Words via huggies.co.za
When you have a baby, you have a lot to think about – sleepless nights, how to put a nappy on, or whose eyes he or she has. What you’re probably not thinking about is how much raising this child is going to cost you. But perhaps you should be.
The government recently calculated that, for an average middle-income South African family, the cost of raising a child from birth to 18 years of age could reach up to R 1 681 470.
Sometimes it is difficult to relate to enormous numbers like these so, to putting it in context, your child is likely to cost you R256 a day or R7 785 a month.
Take a deep breath. There are initial, very integral set-up costs and then there are the month-to-month costs.
Initial set-up costs:
The nursery: a cot, carry cot, change table, chair, curtains, décor and other necessities could set you back around R8 500. If you’re lucky you may get some of them as heirlooms or gifts.
Dummies: They cost around R80 for two.
Bath: That’ll cost you about R400.
Toiletries: These amount to R500 initially – unless you get lots of gifts at your baby shower!
Clothes to start: These can cost about R2 500, although this is also a favourite baby shower gift!
Play Gym: That comes in at around R700.
Blankets and linen: Expect to pay around R800, although this may be more if it’s a winter baby.
Daily items: The things you use on a daily basis are cotton wool, shampoo, soap and cream. A roll of cotton wool can last you up to two months, a small bottle of shampoo for four months, soap for three months and cream for around six months. These start-up costs will set you back around R200.
All in all, the initial set up cost is roughly: R14 000.
Then there are your monthly expenses like:
Medical Aid: It can cost an additional R600 a month for adding your child on.
Huggies® Nappies: That’ll round up to about R300 a month.
Clothing: You’ll be spending around R2 000 every 3 months.
Toiletries This will amount to about R300 a month.
Vaccinations: Privately, it can cost you about R1 600, but if you go to a Stork’s Nest Clinic, it will cost you R200 per month. At state funded clinics it will be for free or you’ll only pay a nominal fee. For the purposes of this budget, we’ll go with the private costs.
So this roughly amounts to R2500 a month.
But have you got everything covered? Under your toiletry expenses, you may want to add the following:
Huggies® Wipes: This will cost between R30-50 per month, but you can use a clean wet face cloth in place of the wipes.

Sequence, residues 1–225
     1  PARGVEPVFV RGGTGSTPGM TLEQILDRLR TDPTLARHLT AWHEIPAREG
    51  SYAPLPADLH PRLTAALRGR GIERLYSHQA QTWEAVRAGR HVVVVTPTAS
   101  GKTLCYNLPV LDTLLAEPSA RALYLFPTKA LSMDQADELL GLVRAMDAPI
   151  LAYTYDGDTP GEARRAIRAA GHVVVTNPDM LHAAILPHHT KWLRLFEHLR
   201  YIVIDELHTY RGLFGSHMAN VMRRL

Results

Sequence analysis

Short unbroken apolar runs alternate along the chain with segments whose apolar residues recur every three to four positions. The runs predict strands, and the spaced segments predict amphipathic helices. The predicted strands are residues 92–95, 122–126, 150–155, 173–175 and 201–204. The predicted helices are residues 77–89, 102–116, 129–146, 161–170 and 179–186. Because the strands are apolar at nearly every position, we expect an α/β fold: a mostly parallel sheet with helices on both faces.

Barrier/ Bum Cream: Buy bulk to save. One of our moms recommended using a 300g Bennetts tub per month to prevent nappy rash. It’s about R50 per tub, but works out cheaper than buying the smaller sizes.
Nappy Bags: A packet of 150 disposable bags costs you just under R30 and lasts you for more than a month.
This monthly total: Approximately R720.
Once your child starts on solids (between 4 to 6 months) you will also have to start buying food. For veggies and fruit, you can use fresh produce and prepare your baby’s food yourself. It’s more nutritious and cost-effective!
Raising your child on a budget
The more you earn, the more likely you are to spend more on your children. You will want to spoil your child, and if you can afford it, do it. But remember, the only thing your child actually needs is love (and the essentials, of course).
The other thing to consider is that the costs associated with kids change as they age. In the first 18 months there’s a big spike in expenses and, after two years, it flattens out, increasing slightly every year.
While there are basic costs involved in having children (and yes, these costs can sometimes take your breath away), there are steps you can take to ensure you’re not at the top-end of that figure.
Having a “future plan” in place for your finances is a good start.
Don’t let food go to waste – rather freeze those left-overs. Even that extra chicken drumstick can come in handy as lunch. Food is a huge cost in raising a child, yet the average person ends up throwing out 500g of food per person per day. If you can prevent or even reduce your food wastage it is going to help you lower your living costs.
As children get older, it can also help to have a clearly-defined line between “wants” and “needs”. It may be a good idea for all of us to consider this. Do you really need that brand-name R15 000 pram or will something that costs a lot less do just as good a job?
Try to teach your child from an early age that money doesn’t grow on trees, and get them accustomed to the monetary value of items like toys and clothes. That way they will learn to appreciate what things cost, and may even feel inclined to save up their pocket money for a particular item they want.